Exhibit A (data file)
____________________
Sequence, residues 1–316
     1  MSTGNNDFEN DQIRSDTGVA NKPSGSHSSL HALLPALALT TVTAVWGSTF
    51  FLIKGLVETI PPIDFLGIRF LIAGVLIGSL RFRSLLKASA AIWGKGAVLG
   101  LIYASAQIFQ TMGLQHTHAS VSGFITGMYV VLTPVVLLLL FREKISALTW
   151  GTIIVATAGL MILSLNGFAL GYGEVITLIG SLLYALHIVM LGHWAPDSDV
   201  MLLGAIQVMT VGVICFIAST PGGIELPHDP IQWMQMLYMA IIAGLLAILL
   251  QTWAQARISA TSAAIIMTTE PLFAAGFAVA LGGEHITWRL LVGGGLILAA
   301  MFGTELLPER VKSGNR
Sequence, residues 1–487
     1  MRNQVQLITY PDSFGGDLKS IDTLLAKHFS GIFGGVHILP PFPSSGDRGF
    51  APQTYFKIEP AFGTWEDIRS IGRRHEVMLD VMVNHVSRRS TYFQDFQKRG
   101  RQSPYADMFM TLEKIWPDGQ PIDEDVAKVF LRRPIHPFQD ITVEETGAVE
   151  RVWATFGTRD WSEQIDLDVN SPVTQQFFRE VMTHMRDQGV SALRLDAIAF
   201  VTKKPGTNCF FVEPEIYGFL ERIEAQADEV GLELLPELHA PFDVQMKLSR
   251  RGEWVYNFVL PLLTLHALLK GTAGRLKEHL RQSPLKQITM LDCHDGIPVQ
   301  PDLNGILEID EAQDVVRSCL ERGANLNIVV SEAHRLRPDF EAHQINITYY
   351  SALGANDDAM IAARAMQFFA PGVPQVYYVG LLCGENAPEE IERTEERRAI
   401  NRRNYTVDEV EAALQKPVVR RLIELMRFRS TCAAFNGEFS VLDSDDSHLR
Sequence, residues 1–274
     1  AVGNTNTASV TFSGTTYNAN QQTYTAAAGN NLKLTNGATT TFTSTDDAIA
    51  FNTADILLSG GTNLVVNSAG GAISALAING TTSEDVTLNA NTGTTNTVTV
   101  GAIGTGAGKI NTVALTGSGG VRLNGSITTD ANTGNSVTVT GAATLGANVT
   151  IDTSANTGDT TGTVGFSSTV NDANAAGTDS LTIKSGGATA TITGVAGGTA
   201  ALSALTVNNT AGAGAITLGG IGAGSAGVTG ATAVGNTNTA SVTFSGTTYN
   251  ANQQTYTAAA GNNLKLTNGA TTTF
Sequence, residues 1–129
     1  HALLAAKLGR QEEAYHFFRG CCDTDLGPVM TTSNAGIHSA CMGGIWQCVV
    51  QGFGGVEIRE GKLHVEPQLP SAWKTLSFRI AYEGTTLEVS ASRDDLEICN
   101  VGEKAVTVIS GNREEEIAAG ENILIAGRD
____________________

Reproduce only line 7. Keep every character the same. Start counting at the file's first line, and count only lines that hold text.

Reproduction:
   251  QTWAQARISA TSAAIIMTTE PLFAAGFAVA LGGEHITWRL LVGGGLILAA